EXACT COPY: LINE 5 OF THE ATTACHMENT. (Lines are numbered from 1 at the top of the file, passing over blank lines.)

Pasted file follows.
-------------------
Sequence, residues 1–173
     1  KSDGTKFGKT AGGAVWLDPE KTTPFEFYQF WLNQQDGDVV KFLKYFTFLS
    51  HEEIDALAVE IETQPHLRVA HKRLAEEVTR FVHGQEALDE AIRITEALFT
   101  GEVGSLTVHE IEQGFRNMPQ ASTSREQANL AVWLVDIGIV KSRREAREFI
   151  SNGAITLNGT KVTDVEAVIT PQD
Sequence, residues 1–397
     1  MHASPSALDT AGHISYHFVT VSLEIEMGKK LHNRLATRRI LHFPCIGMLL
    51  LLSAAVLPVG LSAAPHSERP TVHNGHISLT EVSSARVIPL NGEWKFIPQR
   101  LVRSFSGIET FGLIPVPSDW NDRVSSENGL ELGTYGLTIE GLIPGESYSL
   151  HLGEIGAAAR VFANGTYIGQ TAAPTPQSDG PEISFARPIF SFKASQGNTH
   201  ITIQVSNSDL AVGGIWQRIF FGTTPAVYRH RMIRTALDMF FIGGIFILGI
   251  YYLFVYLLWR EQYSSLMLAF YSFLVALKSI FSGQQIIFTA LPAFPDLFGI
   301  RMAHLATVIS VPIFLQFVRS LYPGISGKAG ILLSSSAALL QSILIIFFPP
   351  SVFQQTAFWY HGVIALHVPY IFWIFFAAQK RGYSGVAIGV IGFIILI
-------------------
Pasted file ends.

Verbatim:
   151  SNGAITLNGT KVTDVEAVIT PQD